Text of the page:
The truth is that I'd say 99.9% of social-justice-minded people have no idea about any of this. Most of the people I texted and asked, "Do you know what's going on with the Wall of Moms controversy?", all of whom are activists, advocates, feminists, or all of the above, replied, "Huh?"
This is one of those situations where silos aren't our friend. It's so easy to think everyone is talking about this, when it's really just everyone Facebook decided to show you today.
And of the .1% who know, basically every person had the same impression. Most of the tweets and statuses I read could be summed up as: Fuck Bev.
But this is one of those things that is playing out like theatre, and the onlookers are learning as much or more as the people on stage.
The lessons people are learning from this aren't ones that are likely to get us closer to living social justice.
WoM groups all over the world shutting down, a mere weeks after they were created (most of the Facebook groups I could find were either already shut down, or awkwardly renamed, or in the process of shutting down). There's an unclear next step other than, "This is problematic. BIPOC should be in charge."
To the casual onlooker in this situation, I'm worried the following lessons will be learned:
- Moms aren't welcome in social justice activism, especially white moms. I have seen hundreds of such comments, responding to phrasing that sounds unfortunately similar to telling people to sit down and shut up.
- I shouldn't risk participating in activism unless I do it perfectly. There is no room for mistakes, or active learning. Unless I have it all figured out, I should stay out of it.
- We need people of color, and Black women specifically, to shoulder movements for justice, and should reject anyone else doing the work. Ignoring what it means to offload that [basically always unpaid] work, without explicit permission or orders following the lead of a BIPOC activist, stepping in and interrupting injustice is perpetrating a larger injustice.
That last one is enough for me to think this whole thing is problematic. But I can make it even worse.
The Writing on the Wall (of Moms)
Sometimes, I find it helpful (albeit depressing) to put myself in the mindset of someone who is entirely anti-social-justice and ask myself, "How happy would that person be seeing what we're doing right now?"
Imagine someone who is happy with the injustice prevalent today, who wants the world to be even more oppressive than it is – a truly sinister, bigoted, evil person who took glee in marginalized people's suffering.
"Would they be okay with what happened with the Wall of Moms?" I ask myself.
Even worse: "How similar is what happened with the Wall of Moms to something that is literally from their dreams? An ideal outcome to this situation?"
When the answer is anywhere neutral, or "They wouldn't really care," I take a step back and wonder if we're doing the right thing. A helpful thing. Something that is taking us closer to living social justice.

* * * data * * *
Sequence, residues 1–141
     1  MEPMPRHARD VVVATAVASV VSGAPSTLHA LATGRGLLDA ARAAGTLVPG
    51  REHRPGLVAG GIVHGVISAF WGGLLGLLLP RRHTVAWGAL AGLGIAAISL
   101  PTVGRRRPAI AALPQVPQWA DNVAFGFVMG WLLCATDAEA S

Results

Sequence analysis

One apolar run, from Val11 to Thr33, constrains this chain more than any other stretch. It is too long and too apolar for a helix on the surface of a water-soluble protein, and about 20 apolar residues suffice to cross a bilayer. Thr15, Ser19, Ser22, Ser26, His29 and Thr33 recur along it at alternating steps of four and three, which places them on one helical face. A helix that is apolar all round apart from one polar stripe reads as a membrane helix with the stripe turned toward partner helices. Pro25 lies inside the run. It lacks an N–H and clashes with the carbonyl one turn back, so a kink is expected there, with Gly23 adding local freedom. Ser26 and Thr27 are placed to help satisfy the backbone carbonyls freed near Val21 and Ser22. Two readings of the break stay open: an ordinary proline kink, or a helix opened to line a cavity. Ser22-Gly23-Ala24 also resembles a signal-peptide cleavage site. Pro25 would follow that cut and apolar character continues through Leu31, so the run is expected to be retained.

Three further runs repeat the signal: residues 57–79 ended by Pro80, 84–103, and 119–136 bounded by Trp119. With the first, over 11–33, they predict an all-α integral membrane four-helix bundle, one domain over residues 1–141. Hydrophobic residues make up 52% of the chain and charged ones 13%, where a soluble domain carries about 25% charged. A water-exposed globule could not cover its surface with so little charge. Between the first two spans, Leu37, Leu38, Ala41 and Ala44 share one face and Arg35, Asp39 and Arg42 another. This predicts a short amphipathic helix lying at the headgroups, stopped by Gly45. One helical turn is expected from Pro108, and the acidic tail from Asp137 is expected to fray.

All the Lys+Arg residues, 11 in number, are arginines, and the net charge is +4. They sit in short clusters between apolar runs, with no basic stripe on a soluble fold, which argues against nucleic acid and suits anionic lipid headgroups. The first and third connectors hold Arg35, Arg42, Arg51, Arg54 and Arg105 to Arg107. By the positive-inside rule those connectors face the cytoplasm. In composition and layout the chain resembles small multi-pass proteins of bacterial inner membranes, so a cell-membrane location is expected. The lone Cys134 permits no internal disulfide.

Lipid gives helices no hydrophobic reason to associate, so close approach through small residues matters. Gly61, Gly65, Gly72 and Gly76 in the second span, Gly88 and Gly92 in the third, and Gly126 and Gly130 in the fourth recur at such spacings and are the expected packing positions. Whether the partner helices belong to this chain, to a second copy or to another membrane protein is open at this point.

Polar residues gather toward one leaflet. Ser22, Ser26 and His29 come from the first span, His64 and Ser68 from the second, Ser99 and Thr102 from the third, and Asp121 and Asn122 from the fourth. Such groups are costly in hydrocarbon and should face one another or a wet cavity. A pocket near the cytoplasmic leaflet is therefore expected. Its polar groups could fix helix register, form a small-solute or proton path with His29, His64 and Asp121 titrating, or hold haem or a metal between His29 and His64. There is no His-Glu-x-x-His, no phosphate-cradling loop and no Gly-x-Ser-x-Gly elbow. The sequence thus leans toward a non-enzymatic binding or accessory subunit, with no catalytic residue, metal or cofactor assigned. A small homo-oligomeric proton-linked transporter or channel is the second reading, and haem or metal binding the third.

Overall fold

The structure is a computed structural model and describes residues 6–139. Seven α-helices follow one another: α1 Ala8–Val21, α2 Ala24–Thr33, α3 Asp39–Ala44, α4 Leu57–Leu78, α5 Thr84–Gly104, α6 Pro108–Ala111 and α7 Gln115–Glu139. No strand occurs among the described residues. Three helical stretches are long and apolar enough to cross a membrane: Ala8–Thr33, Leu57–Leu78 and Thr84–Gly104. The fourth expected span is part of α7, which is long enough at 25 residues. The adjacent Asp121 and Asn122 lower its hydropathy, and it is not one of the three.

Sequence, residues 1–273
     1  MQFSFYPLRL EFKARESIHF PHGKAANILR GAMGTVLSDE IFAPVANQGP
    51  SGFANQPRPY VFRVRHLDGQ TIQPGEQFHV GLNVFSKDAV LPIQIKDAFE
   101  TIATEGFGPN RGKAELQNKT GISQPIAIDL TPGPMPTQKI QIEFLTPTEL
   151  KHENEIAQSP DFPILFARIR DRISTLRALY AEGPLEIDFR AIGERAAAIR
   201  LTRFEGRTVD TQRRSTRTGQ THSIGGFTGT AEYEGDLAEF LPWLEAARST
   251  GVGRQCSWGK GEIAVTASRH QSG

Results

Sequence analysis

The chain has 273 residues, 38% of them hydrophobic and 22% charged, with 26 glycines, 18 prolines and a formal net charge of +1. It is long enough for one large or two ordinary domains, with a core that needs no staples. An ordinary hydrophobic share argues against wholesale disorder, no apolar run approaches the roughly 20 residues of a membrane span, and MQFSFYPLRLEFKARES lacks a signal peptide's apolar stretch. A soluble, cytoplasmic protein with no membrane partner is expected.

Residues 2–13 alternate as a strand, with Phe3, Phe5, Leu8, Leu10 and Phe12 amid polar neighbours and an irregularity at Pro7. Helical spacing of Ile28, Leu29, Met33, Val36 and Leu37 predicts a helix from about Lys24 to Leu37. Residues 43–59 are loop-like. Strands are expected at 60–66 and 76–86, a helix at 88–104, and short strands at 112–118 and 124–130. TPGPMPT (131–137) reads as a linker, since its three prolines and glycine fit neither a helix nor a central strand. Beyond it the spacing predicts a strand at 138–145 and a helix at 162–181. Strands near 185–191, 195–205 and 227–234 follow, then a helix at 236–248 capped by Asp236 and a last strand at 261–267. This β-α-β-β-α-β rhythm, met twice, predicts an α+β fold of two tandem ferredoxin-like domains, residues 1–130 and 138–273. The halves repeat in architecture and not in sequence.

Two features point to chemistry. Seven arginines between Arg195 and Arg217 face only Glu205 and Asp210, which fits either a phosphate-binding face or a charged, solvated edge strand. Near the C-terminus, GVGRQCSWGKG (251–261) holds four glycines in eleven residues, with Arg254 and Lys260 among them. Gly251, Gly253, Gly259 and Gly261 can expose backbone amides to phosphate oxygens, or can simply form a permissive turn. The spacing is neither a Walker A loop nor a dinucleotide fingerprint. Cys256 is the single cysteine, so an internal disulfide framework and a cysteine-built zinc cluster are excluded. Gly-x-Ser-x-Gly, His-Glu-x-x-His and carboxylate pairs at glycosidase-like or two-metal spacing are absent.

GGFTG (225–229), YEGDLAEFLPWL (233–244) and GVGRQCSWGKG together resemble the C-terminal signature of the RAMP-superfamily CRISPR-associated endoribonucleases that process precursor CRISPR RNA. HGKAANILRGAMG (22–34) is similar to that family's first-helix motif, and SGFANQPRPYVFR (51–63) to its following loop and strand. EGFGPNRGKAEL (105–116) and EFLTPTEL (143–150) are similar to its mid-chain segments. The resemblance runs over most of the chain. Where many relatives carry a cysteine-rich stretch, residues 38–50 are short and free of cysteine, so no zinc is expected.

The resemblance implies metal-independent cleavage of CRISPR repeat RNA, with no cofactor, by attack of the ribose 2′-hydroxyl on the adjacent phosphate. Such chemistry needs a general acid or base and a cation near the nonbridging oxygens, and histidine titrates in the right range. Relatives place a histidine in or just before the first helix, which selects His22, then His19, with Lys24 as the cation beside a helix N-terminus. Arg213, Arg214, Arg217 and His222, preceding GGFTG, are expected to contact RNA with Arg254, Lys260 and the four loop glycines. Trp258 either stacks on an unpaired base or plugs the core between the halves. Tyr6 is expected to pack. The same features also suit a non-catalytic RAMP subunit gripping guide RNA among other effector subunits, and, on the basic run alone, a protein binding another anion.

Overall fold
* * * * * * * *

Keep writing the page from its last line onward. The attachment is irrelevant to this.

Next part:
In this case, I'm applying that to everything that's happened with the Wall of Moms, which, to recap:
- An international movement inspires (suburban, white) moms to take direct action in protests for Black Live Matter against police brutality, literally putting their bodies on the line for the cause; and then
- The thing that kills it is activists within the movement who don't like that it's led by white women, or who have grievances with the particular white woman who started it, triggering a mass exodus and all around clusterfuck of confusing inaction and lack of paths forward.
Now, to that second point, I'll be happy to be wrong.
I'd love to see, a year from now, that Wall of Moms thrived under its new leadership, or whatever it's renamed as has the same globe-sweeping energy, results in a collective consciousness against police brutality, and leads to an entirely new vision of the role policing plays in our communities (or abolishment thereof), and we're ever closer to living social justice. And I feel like an asshole who raised the alarm about something that was actually good news.
But I think it's more likely that this is the beginning of the end of the Wall of Moms, and represents a massive blow to the momentum or killing of the spirit of this activism.
Movements are magical things, and successful ones like unicorns. We can't possibly know everything that goes into make the ones that worked work. But it's easy to imagine the massive forces aligned against them, to empathize with everything standing in the way.
Everything stacked against this working outweighs what we have on our side, even if we don't sabotage it ourselves.
The fact that it got as far as it did is a borderline miracle.
Back when I was trying to pice all this together, one of the last friends I texted was another mom who I knew would be sympathetic to the goals here, but I hadn't seen post anything about the Wall of Moms. I explained the controversy, and what I was asking about, and she replied:
That gave me a good laugh.
And, moving forward, it'll be something I'll be wondering a lot. I spent hours – way too much time – trying to figure out what was happening with Wall of Moms, waiting for the "official responses," looking for missing pieces of the puzzle, and I'm not even a mom (unless dogs count).
As moms (and everyone) try to decipher the writing on the wall going forward, and decide if this is/isn't a movement they should support, it'll be hard to blame them if they don't have the fucking time.